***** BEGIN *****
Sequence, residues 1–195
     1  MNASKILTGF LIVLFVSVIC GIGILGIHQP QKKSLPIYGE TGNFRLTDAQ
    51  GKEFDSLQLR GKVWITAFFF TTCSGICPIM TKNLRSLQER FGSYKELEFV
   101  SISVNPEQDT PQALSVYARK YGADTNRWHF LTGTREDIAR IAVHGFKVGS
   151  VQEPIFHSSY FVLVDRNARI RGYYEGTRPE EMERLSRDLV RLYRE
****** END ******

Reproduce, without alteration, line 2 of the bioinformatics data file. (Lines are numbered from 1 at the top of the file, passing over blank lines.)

     1  MNASKILTGF LIVLFVSVIC GIGILGIHQP QKKSLPIYGE TGNFRLTDAQ